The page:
Herb latin name: Amaranthus mangostanus

Synonyms: Amaranthus inamoenus

Family: Amaranthaceae (Amaranth Family, Pigweed Family)

Edible parts of Amaranthus mangostanus:

Leaves - cooked as a spinach or eaten raw. Seed - cooked. A cereal substitute. Very small but easy to harvest and very nutritious. The seed can be cooked whole, and becomes very gelatinous like this, but it is rather difficult to crush all of the small seeds in the mouth and thus some of the seed will pass right through the digestive system without being assimilated. The crisp interior of large stems makes a tasty cooked vegetable.

Description of the plant:


150 cm
(5 feet)

Habitat of the herb:

Waste land and roadsides in the Himalayas.

Other uses of Amaranthus mangostanus:

Yellow and green dyes can be obtained from the whole plant.

Propagation of the herb:

Seed - sow late spring in situ. An earlier sowing can be made in a greenhouse and the plants put out after the last expected frosts. Germination is usually rapid and good if the soil is warm. A drop in temperature overnight aids germination. Cuttings of growing plants root easily.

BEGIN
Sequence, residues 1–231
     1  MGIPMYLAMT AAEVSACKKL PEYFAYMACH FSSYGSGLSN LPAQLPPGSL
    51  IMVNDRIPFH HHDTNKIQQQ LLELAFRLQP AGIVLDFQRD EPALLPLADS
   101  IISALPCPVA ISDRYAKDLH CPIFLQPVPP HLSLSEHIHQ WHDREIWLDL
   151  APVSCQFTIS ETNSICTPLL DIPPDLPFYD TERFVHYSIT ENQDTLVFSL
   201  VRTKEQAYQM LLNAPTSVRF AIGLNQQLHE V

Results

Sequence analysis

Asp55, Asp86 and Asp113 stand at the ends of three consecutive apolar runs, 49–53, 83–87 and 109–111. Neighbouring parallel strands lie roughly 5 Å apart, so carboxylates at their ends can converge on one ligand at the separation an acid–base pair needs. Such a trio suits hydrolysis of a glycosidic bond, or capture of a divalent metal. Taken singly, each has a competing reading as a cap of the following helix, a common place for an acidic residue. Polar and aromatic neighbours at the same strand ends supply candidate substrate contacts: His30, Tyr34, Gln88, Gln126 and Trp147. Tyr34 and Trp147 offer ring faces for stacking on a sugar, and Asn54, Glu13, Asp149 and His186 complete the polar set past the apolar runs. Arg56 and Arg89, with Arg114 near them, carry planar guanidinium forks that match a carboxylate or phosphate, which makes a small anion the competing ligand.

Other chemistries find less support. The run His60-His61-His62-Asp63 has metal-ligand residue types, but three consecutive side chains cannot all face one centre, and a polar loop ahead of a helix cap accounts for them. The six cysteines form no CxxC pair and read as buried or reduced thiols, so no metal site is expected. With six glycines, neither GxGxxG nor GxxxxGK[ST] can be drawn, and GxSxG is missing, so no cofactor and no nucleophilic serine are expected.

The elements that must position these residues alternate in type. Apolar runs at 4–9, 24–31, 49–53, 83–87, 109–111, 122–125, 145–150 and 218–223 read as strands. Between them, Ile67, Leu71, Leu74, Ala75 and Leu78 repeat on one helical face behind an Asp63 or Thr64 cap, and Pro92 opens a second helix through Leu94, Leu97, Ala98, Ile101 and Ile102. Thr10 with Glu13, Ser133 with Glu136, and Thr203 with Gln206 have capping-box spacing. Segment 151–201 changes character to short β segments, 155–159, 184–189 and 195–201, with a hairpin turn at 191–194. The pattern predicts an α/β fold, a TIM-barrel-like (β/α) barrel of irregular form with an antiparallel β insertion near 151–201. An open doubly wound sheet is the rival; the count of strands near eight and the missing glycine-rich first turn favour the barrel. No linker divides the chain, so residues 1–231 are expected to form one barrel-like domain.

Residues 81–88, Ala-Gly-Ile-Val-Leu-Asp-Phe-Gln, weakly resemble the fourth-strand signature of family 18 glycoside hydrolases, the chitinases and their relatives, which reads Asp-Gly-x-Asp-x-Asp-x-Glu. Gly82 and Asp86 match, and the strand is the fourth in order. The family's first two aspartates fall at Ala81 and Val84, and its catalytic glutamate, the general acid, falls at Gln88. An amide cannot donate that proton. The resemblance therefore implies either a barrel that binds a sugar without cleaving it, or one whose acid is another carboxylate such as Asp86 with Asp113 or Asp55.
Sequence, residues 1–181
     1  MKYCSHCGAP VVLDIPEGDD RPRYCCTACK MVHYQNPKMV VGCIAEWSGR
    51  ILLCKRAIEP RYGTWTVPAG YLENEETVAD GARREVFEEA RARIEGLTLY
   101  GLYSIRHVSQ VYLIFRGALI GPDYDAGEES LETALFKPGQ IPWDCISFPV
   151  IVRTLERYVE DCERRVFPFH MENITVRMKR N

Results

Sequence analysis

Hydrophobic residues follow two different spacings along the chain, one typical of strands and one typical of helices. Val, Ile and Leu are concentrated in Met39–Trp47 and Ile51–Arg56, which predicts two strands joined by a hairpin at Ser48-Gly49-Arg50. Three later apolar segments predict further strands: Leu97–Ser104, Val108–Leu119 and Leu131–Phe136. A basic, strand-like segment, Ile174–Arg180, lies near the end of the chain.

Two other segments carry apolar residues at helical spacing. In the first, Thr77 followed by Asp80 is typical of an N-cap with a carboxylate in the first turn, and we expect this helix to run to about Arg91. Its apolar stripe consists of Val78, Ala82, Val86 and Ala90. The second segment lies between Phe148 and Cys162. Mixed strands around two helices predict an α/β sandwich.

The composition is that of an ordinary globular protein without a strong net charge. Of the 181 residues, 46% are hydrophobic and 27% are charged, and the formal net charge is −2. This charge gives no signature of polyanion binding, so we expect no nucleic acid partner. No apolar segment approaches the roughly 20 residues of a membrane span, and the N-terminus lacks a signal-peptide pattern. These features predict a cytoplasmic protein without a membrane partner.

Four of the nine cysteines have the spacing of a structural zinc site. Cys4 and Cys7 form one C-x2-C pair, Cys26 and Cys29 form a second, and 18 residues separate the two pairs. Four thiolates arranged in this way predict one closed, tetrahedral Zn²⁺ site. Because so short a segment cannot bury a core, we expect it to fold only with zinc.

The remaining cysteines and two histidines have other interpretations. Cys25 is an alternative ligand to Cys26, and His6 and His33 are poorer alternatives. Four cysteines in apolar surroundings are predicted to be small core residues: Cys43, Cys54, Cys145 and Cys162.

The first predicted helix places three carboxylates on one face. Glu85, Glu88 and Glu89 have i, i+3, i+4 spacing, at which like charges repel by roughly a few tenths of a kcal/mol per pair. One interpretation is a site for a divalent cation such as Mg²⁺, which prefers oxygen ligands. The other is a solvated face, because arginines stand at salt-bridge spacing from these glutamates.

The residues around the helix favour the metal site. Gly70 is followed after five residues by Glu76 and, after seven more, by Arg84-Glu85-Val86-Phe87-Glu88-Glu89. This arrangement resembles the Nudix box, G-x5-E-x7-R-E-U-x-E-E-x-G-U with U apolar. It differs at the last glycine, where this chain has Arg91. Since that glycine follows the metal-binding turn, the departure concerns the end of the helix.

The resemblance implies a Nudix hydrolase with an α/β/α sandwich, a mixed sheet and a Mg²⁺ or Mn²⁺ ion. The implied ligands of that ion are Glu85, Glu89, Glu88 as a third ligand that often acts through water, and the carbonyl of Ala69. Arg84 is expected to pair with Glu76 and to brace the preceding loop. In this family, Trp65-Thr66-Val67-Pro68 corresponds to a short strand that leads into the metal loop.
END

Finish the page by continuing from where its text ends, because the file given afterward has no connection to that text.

Cultivation of Amaranthus mangostanus:

Waste land and roadsides in the Himalayas.

Medicinal use of the herb:

None known

Known hazards of Amaranthus mangostanus:

No members of this genus are known to be poisonous, but when grown on nitrogen-rich soils they are known to concentrate nitrates in the leaves. This is especially noticeable on land where chemical fertilizers are used. Nitrates are implicated in stomach cancers, blue babies and some other health problems. It is inadvisable, therefore, to eat this plant if it is grown inorganically.

Plant information taken from the Plants For A Future.